Professionalization and Career Development

The History Department is committed to supporting career planning for all graduate students, whether they intend to pursue an academic career or seek employment in an affiliated field. The DGS is responsible for coordinating departmental programs, but students are strongly encouraged to take advantage of campus resources including Career Services, the Center for Teaching and Learning, and the Preparing Future Faculty and Professionals.

Regular Workshops and Series

Regular workshops and series include:

  • Pedagogy Seminarsled by faculty and experienced graduate students

  • Future Proofing your Graduate Degree, led by Dr. Shaun Longstreet (alt-ac career


  • Preparing a CV

  • Writing Effective Personal Statements (for MA students applying to PhD programs)

  • Grant Applications

  • Writing Cover Letters (for PhD students on the academic job market)

  • Writing Personal Statement

  • Preparing a teaching portfolio

  • Effective Skype Interviewing

Conferences and Publications

Presenting research at an academic conference is a fundamental part of scholarly life. Graduate students will regularly receive calls for paper submissions for meetings as well as publications. Before deciding to submit, however, students are strongly encouraged to discuss the venue with their faculty mentors including the DGS. Presenting and publishing are more than just a line on a CV, but should be carefully chosen for intellectual fit. Keep in mind the following:

  • You are representing not only yourself, but also the History Department and Marquette University. Be fully professional.

  • If you submit an abstract for a conference, it is a commitment to present and attend the entire conference. Keep in mind timing and budget, as well as conference prestige when submitting an abstract. If you must withdraw, do so as early as possible.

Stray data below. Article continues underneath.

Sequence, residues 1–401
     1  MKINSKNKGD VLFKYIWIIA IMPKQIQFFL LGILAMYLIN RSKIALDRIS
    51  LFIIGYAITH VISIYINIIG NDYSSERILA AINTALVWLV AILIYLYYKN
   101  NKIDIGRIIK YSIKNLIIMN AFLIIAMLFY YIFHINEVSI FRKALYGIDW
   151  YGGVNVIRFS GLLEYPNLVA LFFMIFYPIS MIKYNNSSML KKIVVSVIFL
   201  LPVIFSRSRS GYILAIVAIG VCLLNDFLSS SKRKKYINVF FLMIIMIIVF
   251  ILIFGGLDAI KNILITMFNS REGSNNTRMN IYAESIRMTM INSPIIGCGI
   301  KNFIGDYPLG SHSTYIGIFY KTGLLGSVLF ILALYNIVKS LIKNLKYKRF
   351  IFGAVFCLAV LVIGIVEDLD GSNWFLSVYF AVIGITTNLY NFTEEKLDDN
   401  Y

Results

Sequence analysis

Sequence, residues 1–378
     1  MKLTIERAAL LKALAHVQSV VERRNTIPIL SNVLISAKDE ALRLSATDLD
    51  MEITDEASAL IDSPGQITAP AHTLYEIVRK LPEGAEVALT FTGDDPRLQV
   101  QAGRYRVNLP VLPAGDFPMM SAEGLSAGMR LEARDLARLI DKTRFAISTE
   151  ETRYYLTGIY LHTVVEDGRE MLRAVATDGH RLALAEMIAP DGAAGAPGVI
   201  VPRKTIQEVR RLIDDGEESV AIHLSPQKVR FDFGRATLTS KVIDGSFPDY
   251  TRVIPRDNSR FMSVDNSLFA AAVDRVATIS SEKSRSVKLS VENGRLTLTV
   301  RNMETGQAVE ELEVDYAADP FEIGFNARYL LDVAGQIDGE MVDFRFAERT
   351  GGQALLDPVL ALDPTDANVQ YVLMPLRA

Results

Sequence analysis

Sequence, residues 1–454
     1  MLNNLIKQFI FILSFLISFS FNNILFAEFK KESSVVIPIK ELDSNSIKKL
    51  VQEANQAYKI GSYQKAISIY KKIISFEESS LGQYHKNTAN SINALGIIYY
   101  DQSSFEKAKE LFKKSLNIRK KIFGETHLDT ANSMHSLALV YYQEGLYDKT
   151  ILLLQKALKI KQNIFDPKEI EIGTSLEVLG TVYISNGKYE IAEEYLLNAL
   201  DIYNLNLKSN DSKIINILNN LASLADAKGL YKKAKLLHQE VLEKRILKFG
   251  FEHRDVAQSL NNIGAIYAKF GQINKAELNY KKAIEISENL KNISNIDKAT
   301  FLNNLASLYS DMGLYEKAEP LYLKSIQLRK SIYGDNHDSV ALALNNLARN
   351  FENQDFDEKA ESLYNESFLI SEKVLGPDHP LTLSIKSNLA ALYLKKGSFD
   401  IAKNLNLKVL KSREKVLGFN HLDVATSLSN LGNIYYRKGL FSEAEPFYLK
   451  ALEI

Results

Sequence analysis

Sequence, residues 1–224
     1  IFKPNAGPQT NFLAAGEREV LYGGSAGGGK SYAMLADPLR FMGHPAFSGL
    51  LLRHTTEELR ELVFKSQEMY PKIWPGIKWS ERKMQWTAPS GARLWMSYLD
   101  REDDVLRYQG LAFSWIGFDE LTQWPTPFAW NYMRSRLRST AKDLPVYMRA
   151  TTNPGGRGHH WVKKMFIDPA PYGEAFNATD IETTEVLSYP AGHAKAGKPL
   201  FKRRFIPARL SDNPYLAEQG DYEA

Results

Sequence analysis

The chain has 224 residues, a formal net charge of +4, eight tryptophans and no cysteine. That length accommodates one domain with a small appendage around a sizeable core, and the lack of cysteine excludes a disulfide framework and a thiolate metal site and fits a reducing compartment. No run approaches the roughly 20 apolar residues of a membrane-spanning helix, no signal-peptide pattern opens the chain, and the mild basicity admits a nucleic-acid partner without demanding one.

• Attending graduate student conferences can be an excellent way to begin one’s academic career. However, they have limited value to a CV and generally are too broad in nature for you to get solid feedback on your work. Once you have done one or two, you should seek out conferences directly in your field at the advice of faculty mentors.

  • Book reviews and encyclopedia articles can be useful entries into academic publishing, but they also are not as significant as peer-reviewed articles for an academic cv. Protect your time.

National Center for Faculty Development and Diversity

Marquette University has an institutional membership with the National Center for Faculty Development and Diversity (NCFDD). NCFDD is an independent center dedicated to helping faculty, post- docs, and graduate students make successful transitions throughout their academic careers by providing professional development, training, and mentoring. NCFDD resources are applicable across disciplines and focus on a range of topics that include strategies for increasing productivity, maintaining work-family balance, managing time more effectively, resolving conflicts, and writing grants, among others.

With Marquette’s institutional membership, graduate students can sign up for a sub-account at no cost; you will then gain access to weekly e-mail providing productivity tips, monthly productivity webinars and multi-week courses, NCFDD Career Center resources, discussion forum for peer-mentoring and problem-solving, mentor matches. For more information about Marquette’s institutional membership with NCFDD, please contact Gary Meyer, Senior Vice Provost for Faculty Affairs or William Welburn, Executive Director, Diversity and Inclusion.

Business Cards

Graduate students can order a set of business cards from Career Services ($3 for 30 cards). These are very useful to handout at conferences, interviews, and when working in archives.

Credentials Files

In order to provide a simple and coherent dossier for PhD students applying for jobs, the History Department maintains credential filesvitae, letters of recommendationand will send them on request to prospective employers.